Marrying Technology with Aging

June 24, 2013
The big question of how best to marry technology to a high touch/low tech business was tackled at an Environments for Aging (EFA) conference roundtable moderated by Jon Sanford, M. Arch, director of the Center for Assistive Technology and Environmental Access at the College of Architecture, Georgia Institute of Technology held on March 21 in Atlanta. The discussion was lively and sprinkled with concerns, admonitions, and positive outlooks.

The big question of how best to marry technology to a high touch/low tech business was tackled at an Environments for Aging (EFA) conference roundtable moderated by Jon Sanford, M. Arch, director of the Center for Assistive Technology and Environmental Access at the College of Architecture, Georgia Institute of Technology held on March 21 in Atlanta. The discussion was lively and sprinkled with concerns, admonitions, and positive outlooks.

Despite the well-documented benefits of incorporating technology such as electronic health records (EHR), which can consolidate care delivery and provide medication management within a typically multiple drug use population and sensors to support seniors and their desires to be independent and maintain as high a quality of life as possible, are a multitude of technologies that can improve quality of life among the aging population. However, adoption has its hurdles.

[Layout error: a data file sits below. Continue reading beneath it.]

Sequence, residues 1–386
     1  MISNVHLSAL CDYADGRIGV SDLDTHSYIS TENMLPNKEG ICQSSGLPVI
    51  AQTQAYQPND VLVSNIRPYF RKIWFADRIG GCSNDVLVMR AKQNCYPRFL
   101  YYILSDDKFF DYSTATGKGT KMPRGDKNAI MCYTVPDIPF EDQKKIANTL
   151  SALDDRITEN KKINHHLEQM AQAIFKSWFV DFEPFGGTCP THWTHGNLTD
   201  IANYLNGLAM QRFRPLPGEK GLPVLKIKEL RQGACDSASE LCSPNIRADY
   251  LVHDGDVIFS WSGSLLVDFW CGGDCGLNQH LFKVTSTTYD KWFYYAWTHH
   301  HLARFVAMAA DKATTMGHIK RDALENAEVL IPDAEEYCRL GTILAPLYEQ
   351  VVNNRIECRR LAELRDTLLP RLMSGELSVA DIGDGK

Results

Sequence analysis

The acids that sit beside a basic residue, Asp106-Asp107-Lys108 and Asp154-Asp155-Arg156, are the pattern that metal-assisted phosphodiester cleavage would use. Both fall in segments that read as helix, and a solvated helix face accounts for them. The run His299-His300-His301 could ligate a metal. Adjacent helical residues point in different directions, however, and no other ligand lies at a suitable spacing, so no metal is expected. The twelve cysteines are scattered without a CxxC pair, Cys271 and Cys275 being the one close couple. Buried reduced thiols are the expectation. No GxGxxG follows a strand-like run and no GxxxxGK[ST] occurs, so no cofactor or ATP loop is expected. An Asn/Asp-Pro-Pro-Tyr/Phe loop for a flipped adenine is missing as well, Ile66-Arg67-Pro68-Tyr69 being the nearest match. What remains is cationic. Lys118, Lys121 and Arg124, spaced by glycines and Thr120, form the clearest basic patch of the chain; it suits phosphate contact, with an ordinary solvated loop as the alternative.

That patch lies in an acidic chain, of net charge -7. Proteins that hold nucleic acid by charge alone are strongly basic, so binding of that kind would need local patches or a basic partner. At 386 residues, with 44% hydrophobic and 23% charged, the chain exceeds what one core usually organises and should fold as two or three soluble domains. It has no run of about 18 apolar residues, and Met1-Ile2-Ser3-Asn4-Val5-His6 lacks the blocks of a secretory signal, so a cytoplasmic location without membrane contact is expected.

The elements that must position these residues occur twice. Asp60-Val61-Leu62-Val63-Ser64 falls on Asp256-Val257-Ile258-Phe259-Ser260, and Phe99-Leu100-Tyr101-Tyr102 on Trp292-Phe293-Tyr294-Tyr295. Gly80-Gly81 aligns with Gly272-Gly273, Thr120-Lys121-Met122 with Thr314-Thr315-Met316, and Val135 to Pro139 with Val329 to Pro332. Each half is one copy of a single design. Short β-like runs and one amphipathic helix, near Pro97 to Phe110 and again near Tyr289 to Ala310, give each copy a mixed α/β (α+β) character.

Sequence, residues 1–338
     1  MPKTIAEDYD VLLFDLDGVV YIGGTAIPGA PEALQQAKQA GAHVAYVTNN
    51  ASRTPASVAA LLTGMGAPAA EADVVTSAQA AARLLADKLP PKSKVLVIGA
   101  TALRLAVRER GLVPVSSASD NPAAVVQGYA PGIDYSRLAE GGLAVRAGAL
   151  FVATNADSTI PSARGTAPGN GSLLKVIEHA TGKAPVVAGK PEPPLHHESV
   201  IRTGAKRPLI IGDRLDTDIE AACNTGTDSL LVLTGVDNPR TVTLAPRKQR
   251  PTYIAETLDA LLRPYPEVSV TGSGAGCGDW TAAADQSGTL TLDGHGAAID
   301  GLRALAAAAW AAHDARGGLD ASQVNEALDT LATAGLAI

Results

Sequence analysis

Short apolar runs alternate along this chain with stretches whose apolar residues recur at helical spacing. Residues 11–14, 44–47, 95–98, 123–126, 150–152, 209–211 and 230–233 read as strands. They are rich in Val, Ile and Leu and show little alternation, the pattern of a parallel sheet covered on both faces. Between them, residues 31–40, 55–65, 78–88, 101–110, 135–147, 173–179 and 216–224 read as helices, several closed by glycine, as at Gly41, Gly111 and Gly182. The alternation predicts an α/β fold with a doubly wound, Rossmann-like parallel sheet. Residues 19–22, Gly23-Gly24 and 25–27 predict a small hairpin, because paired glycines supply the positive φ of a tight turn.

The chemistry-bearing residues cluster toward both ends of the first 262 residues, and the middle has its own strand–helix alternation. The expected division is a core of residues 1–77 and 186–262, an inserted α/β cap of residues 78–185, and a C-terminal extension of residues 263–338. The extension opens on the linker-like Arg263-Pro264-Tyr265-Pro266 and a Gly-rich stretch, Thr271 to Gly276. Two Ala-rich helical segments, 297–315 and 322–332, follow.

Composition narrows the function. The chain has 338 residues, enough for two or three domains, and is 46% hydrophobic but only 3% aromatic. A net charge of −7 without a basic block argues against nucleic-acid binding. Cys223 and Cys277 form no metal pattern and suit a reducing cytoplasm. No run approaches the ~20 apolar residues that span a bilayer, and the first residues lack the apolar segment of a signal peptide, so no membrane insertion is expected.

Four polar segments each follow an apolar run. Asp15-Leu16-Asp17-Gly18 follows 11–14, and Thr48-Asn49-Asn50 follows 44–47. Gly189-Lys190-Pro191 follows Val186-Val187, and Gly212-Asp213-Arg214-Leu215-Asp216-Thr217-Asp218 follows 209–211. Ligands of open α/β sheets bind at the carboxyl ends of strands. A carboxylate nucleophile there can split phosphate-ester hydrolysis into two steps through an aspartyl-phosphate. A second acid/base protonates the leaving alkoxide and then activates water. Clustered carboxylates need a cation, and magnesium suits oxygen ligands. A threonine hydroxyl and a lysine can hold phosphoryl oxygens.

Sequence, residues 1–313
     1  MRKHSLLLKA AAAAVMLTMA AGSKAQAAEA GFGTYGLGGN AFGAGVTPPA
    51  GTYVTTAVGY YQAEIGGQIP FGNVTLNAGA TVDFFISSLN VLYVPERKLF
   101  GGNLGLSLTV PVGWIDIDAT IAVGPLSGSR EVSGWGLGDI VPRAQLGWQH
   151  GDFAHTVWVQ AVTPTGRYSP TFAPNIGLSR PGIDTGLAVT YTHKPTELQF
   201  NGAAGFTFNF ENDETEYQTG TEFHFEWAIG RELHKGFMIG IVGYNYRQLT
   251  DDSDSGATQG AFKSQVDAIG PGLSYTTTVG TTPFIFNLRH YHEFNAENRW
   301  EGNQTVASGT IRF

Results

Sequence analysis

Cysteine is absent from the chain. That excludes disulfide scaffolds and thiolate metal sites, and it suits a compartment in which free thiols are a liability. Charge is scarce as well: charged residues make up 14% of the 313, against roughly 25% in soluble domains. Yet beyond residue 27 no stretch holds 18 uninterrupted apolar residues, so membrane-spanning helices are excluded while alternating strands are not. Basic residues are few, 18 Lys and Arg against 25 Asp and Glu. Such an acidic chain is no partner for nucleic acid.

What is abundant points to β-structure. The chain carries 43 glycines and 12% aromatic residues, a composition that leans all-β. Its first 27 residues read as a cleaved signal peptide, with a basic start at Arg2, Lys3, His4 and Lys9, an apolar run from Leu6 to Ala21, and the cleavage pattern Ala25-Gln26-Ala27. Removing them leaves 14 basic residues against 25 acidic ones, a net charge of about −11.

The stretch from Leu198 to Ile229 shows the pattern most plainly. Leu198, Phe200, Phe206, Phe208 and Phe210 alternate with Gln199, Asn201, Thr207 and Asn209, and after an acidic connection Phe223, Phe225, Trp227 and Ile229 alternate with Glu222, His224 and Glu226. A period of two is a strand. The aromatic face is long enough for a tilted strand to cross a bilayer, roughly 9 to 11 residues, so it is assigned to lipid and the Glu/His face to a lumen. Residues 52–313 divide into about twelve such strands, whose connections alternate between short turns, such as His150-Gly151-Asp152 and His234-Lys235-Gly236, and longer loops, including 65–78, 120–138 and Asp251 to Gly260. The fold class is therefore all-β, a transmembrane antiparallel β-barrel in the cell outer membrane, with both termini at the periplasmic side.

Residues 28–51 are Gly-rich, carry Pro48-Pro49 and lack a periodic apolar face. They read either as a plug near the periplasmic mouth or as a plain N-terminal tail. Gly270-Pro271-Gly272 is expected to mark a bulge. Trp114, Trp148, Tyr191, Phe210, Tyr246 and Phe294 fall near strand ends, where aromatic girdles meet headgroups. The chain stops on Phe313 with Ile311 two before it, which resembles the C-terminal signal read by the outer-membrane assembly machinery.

Chief among concerns of the care provider, architect, and interior design attendees was staff. It is a serious problem, care providers noted. One such provider reports selective recruiting and hiring practices that target on tech savvy individuals.

But, some attendees worried, does hiring a person with tech skills mean that the industry will lose workers who can relate to the residents? Not at all, was the group's consensus. Technology will never replace the person-to-person care.

Another care provider has found success in training staff with an approach more commonly seen in large, acute care facilities. "Too often we use technology experts to do the training," he said. His strategy is to deliver training by a personable, bright, and technologically competent ER physician who has dedicated time to train staff at multiple facilities across a large geographic region.

One takeaway from the roundtable is that implemented technologies must be perceived as valuable to the user. And this will often require educating end-users, be they staff, residents, or members of a looser-knit senior community. Without understanding the value and how the technology can help them and support their goals to improve their quality of life, both staff and the elderly are likely to resist adoption and use.

Sponsored Recommendations

Clinical Evaluation: An AI Assistant for Primary Care

The AAFP's clinical evaluation offers a detailed analysis of how an innovative AI solution can help relieve physicians' administrative burden and aid them in improving health ...

From Chaos to Clarity: How AI Is Making Sense of Clinical Documentation

From Chaos to Clarity dives deep into how AI Is making sense of disorganized patient data and turning it into evidence-based diagnosis suggestions that physicians can trust, leading...

Bridging the Health Plan/Provider Gap: Data-Driven Collaboration for a Value-Based Future

Download the findings report to understand the current perspective of provider and health plan leaders’ shift to value-based care—with a focus on the gaps holding them back and...

Exploring the future of healthcare with Advanced Practice Providers

Discover how Advanced Practice Providers are transforming healthcare: boosting efficiency, cutting wait times and enhancing patient care through strategic integration and digital...